Anodyne Review (PC)
Anodyne is a top down 2D dungeon crawler for the PC, Mac, and Linux. The game is at heart a 16 bit styled clone of the 2D Zelda games. If you have played Link’s Awakening DX then you will feel right at home with this game. As with those titles, you explore the world, solve puzzles, and defeat the bosses located in each of the games dungeons.
The player controls the character “Young”, a white haired boy armed with only a broom. With this broom he is able to attack enemies, flips switches, and even remove dust! His mission is to defeat “The Darkness” that’s covered The Land (actual name). To do this, Young has to find the legendary Briar before The Darkness does. The plot itself is very thin and all over the place, so if you’re looking for a deep, engrossing story you wont find it here.
The game starts off light-hearted, full of humour that tricks you into thinking that this game is going to be a simple parody of Zelda. Your weapon is a broom, not a sword, there’s an NPC with a bike called “Wares” which she likes to peddle, and even a cameo of Link demonstrating how to chop down a bush. The idea of a light-hearted plot is dispelled the first time you are required to murder an innocent NPC to progress further. From then, the game starts to get more unsettling, NPC chatter becomes incoherent and deranged, the music get more eerie, and tasks Young is given become disturbing. There is even a section of the game that is genuinely scary.
Anodyne is made up of two main game play types, exploration and dungeon crawling. The exploration sections of the game are about traveling around The Land, finding cards located in chests. Theses cards are used to unlock gates, which require a certain number of cards for them to be opened. Sometimes getting these cards is just a matter of simply locating them on the map, while others require the player to solve a puzzle. Most of these puzzles are simple enough to work out and can be fun to solve. There are other puzzles that make no sense, and may piss you off enough to stop playing the game. An example of one of these puzzles is when you find a path that is blocked off by a creature telling you that it wont move out of your way. After almost 2 hours of trial and error attempting to solve the puzzle, I found out that the solution was to find a cat, get it to follow you, navigate a route to the creature that won’t frighten the cat, speak to the creature with the cat to scare it off, then follow the creature back to its home, and then clean it house!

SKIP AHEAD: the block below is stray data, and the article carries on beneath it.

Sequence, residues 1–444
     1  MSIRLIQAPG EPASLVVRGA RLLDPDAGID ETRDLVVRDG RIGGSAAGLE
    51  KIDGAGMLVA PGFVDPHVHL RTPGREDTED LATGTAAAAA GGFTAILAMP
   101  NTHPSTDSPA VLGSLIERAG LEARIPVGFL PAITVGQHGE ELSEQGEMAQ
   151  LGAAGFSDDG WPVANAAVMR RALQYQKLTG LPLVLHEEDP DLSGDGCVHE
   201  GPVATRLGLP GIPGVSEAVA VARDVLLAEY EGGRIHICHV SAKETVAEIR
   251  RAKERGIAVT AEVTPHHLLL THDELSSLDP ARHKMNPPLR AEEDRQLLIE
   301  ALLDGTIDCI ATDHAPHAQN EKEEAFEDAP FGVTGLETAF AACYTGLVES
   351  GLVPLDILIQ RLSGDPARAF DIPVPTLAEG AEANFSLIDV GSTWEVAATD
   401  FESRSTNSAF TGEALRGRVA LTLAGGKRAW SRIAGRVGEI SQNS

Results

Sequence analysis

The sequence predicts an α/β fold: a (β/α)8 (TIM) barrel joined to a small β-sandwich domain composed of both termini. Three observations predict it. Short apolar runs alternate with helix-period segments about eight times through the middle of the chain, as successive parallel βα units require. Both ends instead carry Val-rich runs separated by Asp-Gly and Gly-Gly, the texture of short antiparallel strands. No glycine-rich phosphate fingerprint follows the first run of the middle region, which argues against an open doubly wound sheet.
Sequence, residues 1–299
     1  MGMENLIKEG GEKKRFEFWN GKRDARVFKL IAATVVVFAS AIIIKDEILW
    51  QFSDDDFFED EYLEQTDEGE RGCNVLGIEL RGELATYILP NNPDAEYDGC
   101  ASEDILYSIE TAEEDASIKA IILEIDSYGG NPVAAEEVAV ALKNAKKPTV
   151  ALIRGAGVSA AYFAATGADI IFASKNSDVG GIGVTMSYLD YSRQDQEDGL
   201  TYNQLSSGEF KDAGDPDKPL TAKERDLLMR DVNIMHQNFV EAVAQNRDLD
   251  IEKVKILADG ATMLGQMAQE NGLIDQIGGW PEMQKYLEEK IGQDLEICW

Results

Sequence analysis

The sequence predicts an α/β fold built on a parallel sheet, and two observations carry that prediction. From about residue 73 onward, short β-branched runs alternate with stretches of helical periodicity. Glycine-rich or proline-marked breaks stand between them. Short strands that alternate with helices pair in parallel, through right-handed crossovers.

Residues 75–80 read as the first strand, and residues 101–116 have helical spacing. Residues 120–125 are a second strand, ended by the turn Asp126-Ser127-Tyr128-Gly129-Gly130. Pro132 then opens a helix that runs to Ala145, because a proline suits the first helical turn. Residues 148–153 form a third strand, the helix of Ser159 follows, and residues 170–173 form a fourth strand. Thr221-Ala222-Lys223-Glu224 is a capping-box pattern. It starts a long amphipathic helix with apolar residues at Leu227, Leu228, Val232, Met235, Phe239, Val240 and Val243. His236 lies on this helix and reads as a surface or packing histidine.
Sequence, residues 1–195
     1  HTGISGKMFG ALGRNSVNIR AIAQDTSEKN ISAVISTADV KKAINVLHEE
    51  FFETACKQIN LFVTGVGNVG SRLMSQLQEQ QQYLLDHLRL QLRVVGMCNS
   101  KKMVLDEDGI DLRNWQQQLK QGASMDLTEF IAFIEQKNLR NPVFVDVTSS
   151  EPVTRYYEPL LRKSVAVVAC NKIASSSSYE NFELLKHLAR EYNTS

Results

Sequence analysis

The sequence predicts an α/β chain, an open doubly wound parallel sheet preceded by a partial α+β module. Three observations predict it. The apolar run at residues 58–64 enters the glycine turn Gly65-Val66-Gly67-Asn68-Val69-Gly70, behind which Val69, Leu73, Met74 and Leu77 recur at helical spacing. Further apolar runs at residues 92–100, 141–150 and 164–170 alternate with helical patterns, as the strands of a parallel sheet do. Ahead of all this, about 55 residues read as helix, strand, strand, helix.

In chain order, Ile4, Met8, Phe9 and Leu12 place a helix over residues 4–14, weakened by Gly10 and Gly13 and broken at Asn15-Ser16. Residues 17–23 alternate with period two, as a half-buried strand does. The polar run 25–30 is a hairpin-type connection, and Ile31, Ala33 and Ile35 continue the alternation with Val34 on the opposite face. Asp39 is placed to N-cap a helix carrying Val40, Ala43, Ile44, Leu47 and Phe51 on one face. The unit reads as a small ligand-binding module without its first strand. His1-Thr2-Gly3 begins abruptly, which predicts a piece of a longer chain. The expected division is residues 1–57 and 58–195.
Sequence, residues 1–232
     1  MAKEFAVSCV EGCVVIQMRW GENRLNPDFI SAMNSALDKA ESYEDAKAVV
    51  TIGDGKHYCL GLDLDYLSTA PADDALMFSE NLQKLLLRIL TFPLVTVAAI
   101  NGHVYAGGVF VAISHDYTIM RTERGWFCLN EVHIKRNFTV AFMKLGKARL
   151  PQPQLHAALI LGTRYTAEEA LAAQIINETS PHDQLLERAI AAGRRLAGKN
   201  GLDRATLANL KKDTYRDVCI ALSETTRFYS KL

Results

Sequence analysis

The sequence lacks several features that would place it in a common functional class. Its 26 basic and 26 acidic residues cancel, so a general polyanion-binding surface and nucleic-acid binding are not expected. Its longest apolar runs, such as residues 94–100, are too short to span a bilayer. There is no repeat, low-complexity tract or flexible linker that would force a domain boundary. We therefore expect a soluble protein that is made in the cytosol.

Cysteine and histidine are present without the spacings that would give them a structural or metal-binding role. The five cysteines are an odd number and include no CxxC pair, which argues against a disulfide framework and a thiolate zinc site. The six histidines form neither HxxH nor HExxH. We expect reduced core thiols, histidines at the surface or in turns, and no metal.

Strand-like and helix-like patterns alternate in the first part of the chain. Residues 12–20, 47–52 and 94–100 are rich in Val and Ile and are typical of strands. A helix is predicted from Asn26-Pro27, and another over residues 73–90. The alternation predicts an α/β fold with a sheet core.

The Land is split up into different areas, each with its own theme, music and graphic style. Most of these are paced well, and they are different enough to keep exploring interesting, though there is one or two that are far bigger than they need to be, which makes these parts a little boring at times.
The dungeons are where the game really shines. Just like the 2D Zelda games (and more recently The Binding of Isaac), each dungeon is made up of a number of one screen rooms. To progress through these rooms you either have to kill all the enemies in the room, or solve a puzzle. The combat is done really well, as the developers have basically copied the Zelda mechanics, which is not a bad thing. Young’s broom behaves the same way as Links sword, so the key here is to strafe and rotate round enemies, dodging their attacks while landing yours. Most of the enemy types have also been taken straight out of Zelda, even those damn bats! The boss battles are okay, but don’t offer much spectacle or challenge. They do all play differently thoughm requiring the player to use different strategies to defeat them, but they are limited due to the broom being the only weapon in the game.
The dungeons puzzles are interesting due to their use of the games dust mechanics. Apart from beating the shit out of enemies, the broom can also be used to sweep up dust, and place it somewhere else. Dust in the real world is useless, but in Anodyne’s world it’s more useful than Batman’s utility belt. It can be used to block enemy attacks, power switches, direct enemies, and even used to make a raft! Most of puzzles in the dungeons require the player to use dust to solve them. They start off simple, requiring the player to use the dust to block enemy fire to allow the player to get past an area. Later puzzles require precise positioning of the dust, for example placing dust in certain areas so that you can chase an enemy to force it to stand on a switch, or to use the dust to make a raft to cross water. Not all puzzles require dust. There are some switch puzzles, but if you see dust on screen it’s there to be used.
You control Youngs’s movements using the cursor keys, use the broom with C, and jump using X. The jumping is the only real let down in the games controls. Judging the correct distance to jump hasn’t been this frustrating since Xen in Half-Life. Apart from the jumping the rest of the controls work well, and although controllers aren’t officially supported you can still map teh buttons of a Xbox 360 controller.
Anodyne’s 16-bit graphics look good. They looks like what a 16-bit port of Link’s Awakening DX would look like running on a Super Nintendo. Even though the game runs at a low resolution, it stills looks good playing on a 1080p screen. Each of The Lands areas has its own graphical style, which range from the colourful countryside, to a black and white 50′s style town in the USA.
Analgesic Productions have done a really good job creating a good dungeon crawler. It has simple but satisfying combat, the broom and dust mechanics work really well, and the game contains some great puzzles. The different locations in The Land keeps exploration from becoming stale. Anodyne also manages to make you laugh, and other times scare you. If you enjoyed the 2D Zelda games and/or The Binding of Isaac then go play Anodyne. You wont be disappointed.
8 Dusty Dungeons out of 10